I can’t stand it another second: one too many hideous book jackets has entered my life and I don’t understand why. Recognizing an unsellable jacket is not rocket science—or perhaps that’s just true for anyone who works in retail bookselling. When my colleagues and I gather at various conferences and share books we love, we are almost always in universal agreement about which covers are fantastic (or at least passable) and which ones will never, ever voluntarily be picked up by a child or teen (not to mention parents, grandparents, teachers and librarians).
When a bad cover comes in on a book we love, we must resort to all kinds of games to bypass a customer’s automatic rejection. We booktalk it before actually revealing the cover, shielding it with our hands like something radioactive or hiding it in the middle of a stack of contenders. Once the time comes that we must finally show the book to the reader, we are forced to reassure kids that the story inside is fantastic; I’d like for someone from the art and marketing departments to come to the store and just once attempt to overcome the dubious, disgusted, and/or glazed looks on the faces of kids totally turned off by bad covers.
What makes for a bad cover? Any number of things, I’m afraid, from misleading graphics that don’t match a book’s content to amateurish artwork to unfortunate character depictions (for some reason, illustrated close-ups of faces staring out at the viewer almost always are a turn-off for kids; if someone can think of exceptions, chime in; I can’t think of any). Obviously, book cover budgets vary, but it seems like shooting oneself in the foot to pay for mediocre art or design and then expect a book that doesn’t have much marketing support to begin with to sell itself with a crummy jacket.
Another turn-off is the same-old same-old design style. If readers can’t tell one book from another, they are going to skip over them without something distinctive to catch their eye. I understand that it’s a branding/marketing strategy to signal “This is a romantic fantasy!” or “This is a paranormal romance!” by using certain visual tropes that have become, not to put too fine a point on it, lazy and hackneyed. But the problem is, readers have overdosed on these images; they blur together in a mish-mosh of torrid satin and pale (yes, always white) skin. For the love of god, please, enough with the photographs of models in gowns, models’ half-faces, models in gowns lying among leaves or running through forests, or standing on windswept sands by the sea. No one can tell these books apart, and the doll-girls never look like the characters in the books.
I also understand that publishers pay a lot of attention to what the head buyer at a certain chain store (used to be two chains; look how well that turned out) thinks of a cover. If they don’t like it, they won’t buy it, and that can mean thousands of copies unsold. But relying so heavily on one or two people’s opinions is going to result in a narrow field of acceptable designs, and can only reflect a certain segment of your readership. In addition, those buyers are very likely not on the selling floor, and are far removed from the actual experience of placing a book in a reader’s hands.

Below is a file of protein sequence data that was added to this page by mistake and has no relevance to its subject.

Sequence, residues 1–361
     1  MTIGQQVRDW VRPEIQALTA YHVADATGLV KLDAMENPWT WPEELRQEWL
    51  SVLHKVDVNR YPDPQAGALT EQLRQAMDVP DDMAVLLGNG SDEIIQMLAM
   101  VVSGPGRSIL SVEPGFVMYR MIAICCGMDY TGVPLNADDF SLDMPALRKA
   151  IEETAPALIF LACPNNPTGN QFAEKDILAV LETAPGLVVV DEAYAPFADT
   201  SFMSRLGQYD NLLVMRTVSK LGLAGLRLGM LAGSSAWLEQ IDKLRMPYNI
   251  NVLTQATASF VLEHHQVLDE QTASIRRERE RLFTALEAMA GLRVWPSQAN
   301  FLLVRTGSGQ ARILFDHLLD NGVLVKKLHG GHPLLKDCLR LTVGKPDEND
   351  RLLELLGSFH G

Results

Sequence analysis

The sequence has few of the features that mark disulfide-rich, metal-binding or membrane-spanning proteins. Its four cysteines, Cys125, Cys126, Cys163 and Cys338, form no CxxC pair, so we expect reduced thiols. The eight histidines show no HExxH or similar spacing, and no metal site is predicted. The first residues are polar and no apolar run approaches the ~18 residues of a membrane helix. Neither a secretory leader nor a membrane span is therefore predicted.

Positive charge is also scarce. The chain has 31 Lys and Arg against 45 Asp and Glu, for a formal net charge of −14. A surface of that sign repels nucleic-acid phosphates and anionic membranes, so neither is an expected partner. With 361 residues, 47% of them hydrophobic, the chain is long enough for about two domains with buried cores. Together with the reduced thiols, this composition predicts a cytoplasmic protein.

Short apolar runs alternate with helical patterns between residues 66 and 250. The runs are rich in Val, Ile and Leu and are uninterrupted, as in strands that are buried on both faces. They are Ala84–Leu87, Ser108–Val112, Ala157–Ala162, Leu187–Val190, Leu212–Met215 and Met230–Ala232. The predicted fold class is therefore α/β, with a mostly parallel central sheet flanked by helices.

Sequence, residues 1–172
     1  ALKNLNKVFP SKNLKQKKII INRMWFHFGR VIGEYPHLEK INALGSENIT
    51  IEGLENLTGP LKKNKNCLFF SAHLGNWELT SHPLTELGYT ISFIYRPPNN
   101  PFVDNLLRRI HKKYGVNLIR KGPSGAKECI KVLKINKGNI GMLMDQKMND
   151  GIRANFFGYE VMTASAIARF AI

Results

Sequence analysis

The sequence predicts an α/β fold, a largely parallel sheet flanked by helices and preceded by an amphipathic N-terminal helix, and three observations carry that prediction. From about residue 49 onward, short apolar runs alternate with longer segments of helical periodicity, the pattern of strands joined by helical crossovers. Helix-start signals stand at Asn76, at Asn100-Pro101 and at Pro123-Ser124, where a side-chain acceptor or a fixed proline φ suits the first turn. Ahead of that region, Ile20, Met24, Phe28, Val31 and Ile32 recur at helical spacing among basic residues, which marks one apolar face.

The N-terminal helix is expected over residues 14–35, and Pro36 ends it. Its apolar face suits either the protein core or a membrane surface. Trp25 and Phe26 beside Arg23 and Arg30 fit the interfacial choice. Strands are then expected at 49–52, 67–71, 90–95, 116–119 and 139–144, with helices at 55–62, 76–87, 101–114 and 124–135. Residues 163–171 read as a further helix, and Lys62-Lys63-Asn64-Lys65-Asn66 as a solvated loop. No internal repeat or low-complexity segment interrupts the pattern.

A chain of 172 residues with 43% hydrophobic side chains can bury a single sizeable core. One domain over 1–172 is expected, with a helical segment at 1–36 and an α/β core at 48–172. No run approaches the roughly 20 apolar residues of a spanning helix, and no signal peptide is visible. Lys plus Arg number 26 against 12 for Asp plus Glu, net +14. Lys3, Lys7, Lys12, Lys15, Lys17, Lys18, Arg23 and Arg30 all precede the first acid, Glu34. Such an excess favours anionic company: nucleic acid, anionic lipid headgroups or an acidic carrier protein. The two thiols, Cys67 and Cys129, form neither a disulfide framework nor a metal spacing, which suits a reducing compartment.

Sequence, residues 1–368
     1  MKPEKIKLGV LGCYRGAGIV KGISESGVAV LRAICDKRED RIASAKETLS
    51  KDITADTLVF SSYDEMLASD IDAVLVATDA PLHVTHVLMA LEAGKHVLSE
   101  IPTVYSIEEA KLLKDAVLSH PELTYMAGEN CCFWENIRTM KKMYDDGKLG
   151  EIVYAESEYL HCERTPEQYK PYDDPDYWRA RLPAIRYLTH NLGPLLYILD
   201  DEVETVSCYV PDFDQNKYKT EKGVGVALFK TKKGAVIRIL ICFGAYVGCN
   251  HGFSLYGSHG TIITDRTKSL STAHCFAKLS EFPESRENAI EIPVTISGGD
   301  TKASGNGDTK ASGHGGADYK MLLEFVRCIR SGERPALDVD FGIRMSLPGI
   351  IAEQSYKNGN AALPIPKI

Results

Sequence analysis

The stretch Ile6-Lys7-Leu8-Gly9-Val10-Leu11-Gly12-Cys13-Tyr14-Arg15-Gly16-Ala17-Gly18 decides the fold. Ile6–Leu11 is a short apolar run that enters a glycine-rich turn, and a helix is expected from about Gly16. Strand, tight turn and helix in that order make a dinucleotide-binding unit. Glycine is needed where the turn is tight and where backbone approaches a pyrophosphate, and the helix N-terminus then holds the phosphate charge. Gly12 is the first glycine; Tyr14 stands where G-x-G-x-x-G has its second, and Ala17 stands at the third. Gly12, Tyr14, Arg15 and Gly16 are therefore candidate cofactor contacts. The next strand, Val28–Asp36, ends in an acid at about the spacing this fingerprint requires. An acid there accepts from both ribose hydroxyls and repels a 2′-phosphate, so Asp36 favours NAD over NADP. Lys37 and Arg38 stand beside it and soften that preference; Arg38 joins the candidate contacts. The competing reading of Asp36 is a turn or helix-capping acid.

So here’s what I propose to help save yourselves money: create a group of power-indie handsellers, folks with years of experience who know their business cold and excel at recommending books to readers. You send out a pdf to seven folks, and they give you feedback. The idea of adding yet more voices to the process of designing a book may seem unappealing, but, like listening to other opinions in an editorial meeting, you’re likely to hear some valuable feedback that will end up with a better book, improving sales and beefing up your bottom line, which is what you want and need. Remember, you’re not looking for an intensive critique here. You just want a quick, Absolutely, Passable, or Absolutely not.
Booksellers are in the enviable position of seeing everything that comes out, so we can quickly identify trends and alert you to overused images from the current season. We can tell you things like, “Hey, everyone is doing smoky blue or black-and-white covers this season; those palettes are on overload,” or, “This is the sixth cover design I’ve seen so far featuring a close-up image of a giant key.” Then you can choose to do with that information whatever feels useful to you, even if it’s nothing whatsoever.
One more thing: if you go this route, commit to it for the duration of that cover’s design. I’ve seen publishers alter bad jackets based on bookseller feedback. The only problem is, they never ran the replacement designs by the booksellers, so all too often, the new cover was just as unappealing, or unappealing in a different way, from the original. That left everyone frustrated–the publisher, who didn’t understand why the new cover they’d spent all that money redesigning still didn’t move copies, and the booksellers, who had been trying to get a great book the cover it deserved so they could sell the heck out of it, and were, for a second time, met with a tough handsell.
In our visual society, a good cover can make or save the life of a book, or condemn it to a slow death at the remainder tables. Obviously, publishers can’t run every cover by a panel of kids and the various gatekeepers who purchase and recommend them. It just seems silly to me not to get the input of people who buy and sell these books every single day, year in and year out, accumulating a wealth of experience with those kids and those gatekeepers, who can pretty well predict how handily a book will sell, or not, based on that all-important first impression.